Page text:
A SHOW of hands told highways bosses they were going in the right direction with changes to Weymouth’s pedestrian crossings.
Residents packed Emmanuel Church, Southill , for a public meeting to hear Dorset County Council’s proposals for new crossing islands on the A354 Weymouth Way.
At the end of the meeting residents were asked to raise their hands if they thought they were a ‘step in the right direction’ to which almost all of those present agreed.
The meeting was a ‘pre-consultation, consultation’ where residents got the chance to have a first look at plans, which highway bosses say could cost £3/4million.
They could include three new pedestrian islands between Swannery Bridge junction and Chafey’s roundabout at the pumping station, Pottery Lane and Goldcroft Avenue.
There could also be an island crossing for pedestrians to the north of Chafey’s roundabout, as well as a new cycle and walk way linking Southill and the existing cycleway to Manor roundabout.
Work is currently underway to Tarmac the surface of the path from Chafey’s roundabout to Swannery Bridge. County councillor David Harris, who chaired the meeting, told residents: “From October 8 the footpath will be closed for three days while work is done to lay the new Tarmac.”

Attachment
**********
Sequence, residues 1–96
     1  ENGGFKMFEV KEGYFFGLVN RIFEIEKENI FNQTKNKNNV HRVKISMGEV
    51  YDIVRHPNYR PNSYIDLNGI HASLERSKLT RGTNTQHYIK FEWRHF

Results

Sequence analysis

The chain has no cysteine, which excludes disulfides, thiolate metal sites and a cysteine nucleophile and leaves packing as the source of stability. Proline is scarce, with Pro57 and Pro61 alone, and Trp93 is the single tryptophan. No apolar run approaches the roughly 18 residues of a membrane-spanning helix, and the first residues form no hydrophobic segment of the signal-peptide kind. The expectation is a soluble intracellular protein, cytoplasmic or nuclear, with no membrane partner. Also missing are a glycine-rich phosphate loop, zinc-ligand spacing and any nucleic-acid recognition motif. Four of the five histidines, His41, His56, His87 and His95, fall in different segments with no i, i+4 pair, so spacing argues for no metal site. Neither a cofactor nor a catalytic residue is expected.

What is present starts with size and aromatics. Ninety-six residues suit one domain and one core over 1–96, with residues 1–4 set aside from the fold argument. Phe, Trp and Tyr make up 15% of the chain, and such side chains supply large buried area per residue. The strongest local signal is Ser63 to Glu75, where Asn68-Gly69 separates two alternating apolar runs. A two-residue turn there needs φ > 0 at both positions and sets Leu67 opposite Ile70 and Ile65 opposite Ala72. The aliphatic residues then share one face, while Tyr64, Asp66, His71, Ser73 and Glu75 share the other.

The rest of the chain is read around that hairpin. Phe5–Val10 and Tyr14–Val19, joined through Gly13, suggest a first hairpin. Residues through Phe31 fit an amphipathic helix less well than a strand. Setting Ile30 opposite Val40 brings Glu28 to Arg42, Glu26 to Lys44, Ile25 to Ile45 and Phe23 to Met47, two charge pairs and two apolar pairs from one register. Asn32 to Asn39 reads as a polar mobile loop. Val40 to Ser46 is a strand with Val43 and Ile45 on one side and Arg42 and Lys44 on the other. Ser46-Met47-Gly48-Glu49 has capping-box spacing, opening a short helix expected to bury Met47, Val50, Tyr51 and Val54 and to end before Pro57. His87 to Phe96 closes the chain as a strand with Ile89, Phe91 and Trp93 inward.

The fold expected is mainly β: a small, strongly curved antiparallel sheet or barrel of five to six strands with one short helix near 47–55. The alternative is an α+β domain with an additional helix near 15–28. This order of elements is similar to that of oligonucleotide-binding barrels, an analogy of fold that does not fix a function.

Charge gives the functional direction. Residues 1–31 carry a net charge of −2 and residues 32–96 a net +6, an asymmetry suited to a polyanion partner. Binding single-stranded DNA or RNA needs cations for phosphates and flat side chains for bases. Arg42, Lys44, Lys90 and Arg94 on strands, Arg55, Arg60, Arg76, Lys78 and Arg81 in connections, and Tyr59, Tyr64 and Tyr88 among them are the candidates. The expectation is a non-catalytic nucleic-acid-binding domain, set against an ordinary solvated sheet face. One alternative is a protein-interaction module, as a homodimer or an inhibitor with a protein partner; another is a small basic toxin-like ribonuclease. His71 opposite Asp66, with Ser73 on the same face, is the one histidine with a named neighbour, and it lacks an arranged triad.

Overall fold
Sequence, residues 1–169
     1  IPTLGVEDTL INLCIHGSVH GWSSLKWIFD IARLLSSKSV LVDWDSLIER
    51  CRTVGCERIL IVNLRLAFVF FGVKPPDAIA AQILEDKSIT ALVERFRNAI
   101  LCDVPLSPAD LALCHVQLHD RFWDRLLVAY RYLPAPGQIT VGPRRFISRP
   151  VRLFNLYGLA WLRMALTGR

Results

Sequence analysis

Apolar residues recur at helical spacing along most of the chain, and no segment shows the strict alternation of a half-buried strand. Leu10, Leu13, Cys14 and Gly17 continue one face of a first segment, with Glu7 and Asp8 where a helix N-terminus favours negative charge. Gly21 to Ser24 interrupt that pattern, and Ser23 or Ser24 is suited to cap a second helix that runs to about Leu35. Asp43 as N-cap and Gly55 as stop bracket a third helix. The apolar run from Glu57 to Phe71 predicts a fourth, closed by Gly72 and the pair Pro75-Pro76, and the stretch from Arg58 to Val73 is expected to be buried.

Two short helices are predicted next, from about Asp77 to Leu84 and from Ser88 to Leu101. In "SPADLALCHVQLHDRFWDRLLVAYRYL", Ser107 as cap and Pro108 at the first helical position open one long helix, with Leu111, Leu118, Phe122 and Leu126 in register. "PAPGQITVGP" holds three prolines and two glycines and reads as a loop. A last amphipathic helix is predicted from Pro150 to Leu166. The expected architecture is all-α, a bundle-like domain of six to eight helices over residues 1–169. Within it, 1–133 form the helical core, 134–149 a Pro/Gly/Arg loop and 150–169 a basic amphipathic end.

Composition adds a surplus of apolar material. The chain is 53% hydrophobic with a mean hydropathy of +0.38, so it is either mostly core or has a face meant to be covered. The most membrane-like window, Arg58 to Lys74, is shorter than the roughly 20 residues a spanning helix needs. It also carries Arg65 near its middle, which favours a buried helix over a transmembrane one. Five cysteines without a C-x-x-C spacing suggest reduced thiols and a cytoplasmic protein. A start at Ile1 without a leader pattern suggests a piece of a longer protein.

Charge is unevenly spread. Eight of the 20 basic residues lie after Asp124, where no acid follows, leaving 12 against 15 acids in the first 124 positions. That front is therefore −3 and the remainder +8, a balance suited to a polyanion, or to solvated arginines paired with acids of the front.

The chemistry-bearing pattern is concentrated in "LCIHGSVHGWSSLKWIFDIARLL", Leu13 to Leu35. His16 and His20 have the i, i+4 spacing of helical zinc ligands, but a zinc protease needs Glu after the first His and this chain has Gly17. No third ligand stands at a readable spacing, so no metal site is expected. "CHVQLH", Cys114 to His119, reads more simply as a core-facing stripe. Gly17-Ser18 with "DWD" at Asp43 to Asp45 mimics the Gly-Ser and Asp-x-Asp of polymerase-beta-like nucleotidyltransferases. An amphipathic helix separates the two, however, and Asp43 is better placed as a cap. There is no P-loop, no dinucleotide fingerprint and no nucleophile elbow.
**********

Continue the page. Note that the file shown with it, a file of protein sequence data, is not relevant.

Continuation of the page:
Highways bosses said that ‘half the money is currently available’ and they are hopeful they will be able to obtain additional money from the local sustainable transport fund and the Department of Transport cycle safety scheme.
Mike Read from DCC warned residents that: “We need to find the money and these are hard times.”
But he added: “We are hopeful that by next spring we will know how much we can deliver. We can split it into bits to deliver.”
Mr Read added that highway officers hoped to be able to deliver the whole package by 2015.
After the meeting most residents said they were pleased with the plans but many said they would like to see the speed limit reduced from 50mph.
Southill resident Avis Bazell, 70, said the ideas were good, ‘as long as they protect the safety of cyclists and walkers’.
Bob Irwin said: “They have to cut the speed. Why should Southill residents be the only residents without a safe walk into town, having to cross a 50mph road.”
Southill resident Betty Dickinson, 78, said she thought the plans ‘ok.’ She added that people had to be realistic and realise that the road would probably never be cut to 30mph.